Tuesday, October 4, 2011

A Poem as Tribute | Taha Mohammed Ali

Taha Muhammad Ali died on Sunday in Nazareth. He was born in the Galilee village of Saffuriya in 1931.*

His poetry followed the experiences of Palestinians living in Israel, and Palestinian refugees around the world.

The beauty of this poem, on the nature of revenge and compassion, is universal. Revealing the power of love to heal, restore, and resolve conflict.


At times … I wish
I could meet in a duel
the man who killed my father
and razed our home,
expelling me
a narrow country.
And if he killed me,
I’d rest at last,
and if I were ready—
I would take my revenge!


But if it came to light,
when my rival appeared,
that he had a mother
waiting for him,
or a father who’d put
his right hand over
the heart’s place in his chest
whenever his son was late
even by just a quarter-hour
for a meeting they’d set—
then I would not kill him,
even if I could.


Likewise … I
would not murder him
if it were soon made clear
that he had a brother or sisters
who loved him and constantly longed to see him.
Or if he had a wife to greet him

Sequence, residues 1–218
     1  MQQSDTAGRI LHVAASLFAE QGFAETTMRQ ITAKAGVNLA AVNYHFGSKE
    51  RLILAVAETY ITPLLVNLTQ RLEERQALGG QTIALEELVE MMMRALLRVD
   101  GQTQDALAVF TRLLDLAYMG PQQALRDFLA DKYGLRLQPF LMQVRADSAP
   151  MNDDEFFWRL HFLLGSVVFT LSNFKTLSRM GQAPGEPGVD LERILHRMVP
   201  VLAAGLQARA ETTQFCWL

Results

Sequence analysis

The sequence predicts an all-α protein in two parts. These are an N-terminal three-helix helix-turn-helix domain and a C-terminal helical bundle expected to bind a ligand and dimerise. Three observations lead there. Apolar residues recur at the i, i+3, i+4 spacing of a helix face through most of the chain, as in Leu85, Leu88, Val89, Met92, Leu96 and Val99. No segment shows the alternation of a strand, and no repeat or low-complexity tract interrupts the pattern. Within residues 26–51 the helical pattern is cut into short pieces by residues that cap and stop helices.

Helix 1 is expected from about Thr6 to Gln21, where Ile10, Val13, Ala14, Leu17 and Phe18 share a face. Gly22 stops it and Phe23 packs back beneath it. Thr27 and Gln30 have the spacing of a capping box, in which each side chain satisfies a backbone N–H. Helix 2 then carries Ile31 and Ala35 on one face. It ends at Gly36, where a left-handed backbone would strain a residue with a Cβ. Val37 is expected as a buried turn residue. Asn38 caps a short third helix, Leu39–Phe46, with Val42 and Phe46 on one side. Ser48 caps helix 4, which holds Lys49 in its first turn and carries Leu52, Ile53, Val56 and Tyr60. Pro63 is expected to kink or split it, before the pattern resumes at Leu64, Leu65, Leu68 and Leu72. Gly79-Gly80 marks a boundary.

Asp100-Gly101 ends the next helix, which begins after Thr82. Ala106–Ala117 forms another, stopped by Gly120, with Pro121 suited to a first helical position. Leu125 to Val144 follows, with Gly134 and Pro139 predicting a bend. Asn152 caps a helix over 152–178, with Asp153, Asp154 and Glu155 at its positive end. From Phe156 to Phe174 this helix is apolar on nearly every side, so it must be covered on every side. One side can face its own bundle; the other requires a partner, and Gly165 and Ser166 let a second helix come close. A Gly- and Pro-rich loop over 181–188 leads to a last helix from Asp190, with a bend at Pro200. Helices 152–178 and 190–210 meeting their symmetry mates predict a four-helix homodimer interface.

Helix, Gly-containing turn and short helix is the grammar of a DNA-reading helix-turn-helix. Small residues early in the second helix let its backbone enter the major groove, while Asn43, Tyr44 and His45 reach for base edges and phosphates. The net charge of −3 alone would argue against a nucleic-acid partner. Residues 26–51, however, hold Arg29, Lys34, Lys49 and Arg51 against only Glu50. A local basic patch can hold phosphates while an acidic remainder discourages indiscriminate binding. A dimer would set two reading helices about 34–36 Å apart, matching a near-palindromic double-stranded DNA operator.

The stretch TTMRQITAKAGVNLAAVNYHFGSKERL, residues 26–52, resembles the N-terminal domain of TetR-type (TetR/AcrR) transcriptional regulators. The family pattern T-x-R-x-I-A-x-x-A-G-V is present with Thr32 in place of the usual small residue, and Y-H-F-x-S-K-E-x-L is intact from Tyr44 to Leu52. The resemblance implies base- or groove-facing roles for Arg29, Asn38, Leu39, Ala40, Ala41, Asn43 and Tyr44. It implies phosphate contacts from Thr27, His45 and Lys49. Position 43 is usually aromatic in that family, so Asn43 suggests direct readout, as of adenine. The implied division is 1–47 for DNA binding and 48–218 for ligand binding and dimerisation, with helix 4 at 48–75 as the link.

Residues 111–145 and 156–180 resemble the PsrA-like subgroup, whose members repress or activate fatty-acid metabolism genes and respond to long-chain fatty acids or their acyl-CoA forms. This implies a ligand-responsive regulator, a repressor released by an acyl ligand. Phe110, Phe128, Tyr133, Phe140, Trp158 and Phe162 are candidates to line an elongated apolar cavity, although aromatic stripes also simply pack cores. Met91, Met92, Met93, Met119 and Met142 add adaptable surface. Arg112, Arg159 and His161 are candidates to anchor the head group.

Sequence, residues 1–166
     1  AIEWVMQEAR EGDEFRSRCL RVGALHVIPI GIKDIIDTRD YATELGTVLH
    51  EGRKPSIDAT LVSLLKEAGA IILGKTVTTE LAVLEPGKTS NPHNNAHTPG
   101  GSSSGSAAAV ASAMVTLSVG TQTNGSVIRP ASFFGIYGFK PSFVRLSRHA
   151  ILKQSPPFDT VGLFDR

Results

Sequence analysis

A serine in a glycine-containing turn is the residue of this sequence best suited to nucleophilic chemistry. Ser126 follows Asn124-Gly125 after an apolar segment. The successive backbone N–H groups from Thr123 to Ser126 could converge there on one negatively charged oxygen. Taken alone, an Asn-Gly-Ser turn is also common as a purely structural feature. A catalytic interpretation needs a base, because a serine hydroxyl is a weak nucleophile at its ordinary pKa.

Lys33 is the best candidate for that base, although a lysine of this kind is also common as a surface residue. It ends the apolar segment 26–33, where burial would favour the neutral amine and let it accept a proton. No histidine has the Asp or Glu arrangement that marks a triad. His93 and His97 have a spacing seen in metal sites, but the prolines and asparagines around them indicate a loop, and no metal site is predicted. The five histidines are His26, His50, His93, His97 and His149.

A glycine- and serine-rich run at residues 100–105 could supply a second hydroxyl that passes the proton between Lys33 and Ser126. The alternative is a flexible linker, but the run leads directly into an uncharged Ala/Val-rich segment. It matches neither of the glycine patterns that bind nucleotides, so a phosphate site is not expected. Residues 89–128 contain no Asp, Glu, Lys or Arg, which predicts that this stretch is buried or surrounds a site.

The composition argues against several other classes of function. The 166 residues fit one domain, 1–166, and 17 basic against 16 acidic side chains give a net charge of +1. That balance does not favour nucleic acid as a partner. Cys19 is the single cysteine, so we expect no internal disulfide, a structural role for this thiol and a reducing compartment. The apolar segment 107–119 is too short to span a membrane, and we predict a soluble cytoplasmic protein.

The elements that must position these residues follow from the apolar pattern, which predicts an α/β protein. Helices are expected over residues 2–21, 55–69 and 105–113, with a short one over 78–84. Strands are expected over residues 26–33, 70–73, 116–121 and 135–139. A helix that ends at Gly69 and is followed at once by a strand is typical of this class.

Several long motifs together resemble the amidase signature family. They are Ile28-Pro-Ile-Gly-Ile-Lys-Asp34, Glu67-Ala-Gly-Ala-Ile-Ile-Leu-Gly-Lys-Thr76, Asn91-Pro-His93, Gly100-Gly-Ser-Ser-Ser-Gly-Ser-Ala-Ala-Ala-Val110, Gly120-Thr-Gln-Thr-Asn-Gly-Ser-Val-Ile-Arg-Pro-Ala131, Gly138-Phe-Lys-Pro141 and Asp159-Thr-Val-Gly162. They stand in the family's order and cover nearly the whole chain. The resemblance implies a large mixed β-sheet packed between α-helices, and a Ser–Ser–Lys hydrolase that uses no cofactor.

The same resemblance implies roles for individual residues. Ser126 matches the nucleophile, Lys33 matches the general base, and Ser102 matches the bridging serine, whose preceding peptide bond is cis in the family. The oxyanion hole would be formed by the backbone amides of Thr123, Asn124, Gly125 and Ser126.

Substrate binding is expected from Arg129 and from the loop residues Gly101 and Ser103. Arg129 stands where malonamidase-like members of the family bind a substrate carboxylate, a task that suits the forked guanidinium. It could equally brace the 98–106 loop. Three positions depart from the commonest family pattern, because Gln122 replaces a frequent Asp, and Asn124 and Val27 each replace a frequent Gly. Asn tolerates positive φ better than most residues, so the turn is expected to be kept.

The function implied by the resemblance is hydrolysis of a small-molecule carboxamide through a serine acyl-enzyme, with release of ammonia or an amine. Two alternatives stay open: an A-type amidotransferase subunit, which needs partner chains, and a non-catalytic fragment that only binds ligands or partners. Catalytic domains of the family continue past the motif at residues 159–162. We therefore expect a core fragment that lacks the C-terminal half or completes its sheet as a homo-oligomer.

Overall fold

and children who
couldn’t bear his absence
and whom his gifts would thrill.
Or if he had
friends or companions,
neighbors he knew
or allies from prison
or a hospital room,
or classmates from his school …
asking about him
and sending him regards.


But if he turned
out to be on his own—
cut off like a branch from a tree—
without a mother or father,
with neither a brother nor sister,
wifeless, without a child,
and without kin or neighbors or friends,
colleagues or companions,
then I’d add not a thing to his pain
within that aloneness—
not the torment of death,
and not the sorrow of passing away.
Instead I’d be content
to ignore him when I passed him by
on the street—as I
convinced myself
that paying him no attention
in itself was a kind of revenge.

April 15, 2006

© 2006 by Taha Muhammad Ali. English translation and copyright 2006 by Peter Cole, Yahya Hijazi, and Gabriel Levin.

To learn more click here.

* His family fled to Lebanon with most of the inhabitants of his village during the Arab-Israeli war of 1948. Unable to return to his home he moved to the nearby city of Nazareth where he lived and worked in a souvenir shop throughout his life as an Israeli citizen.

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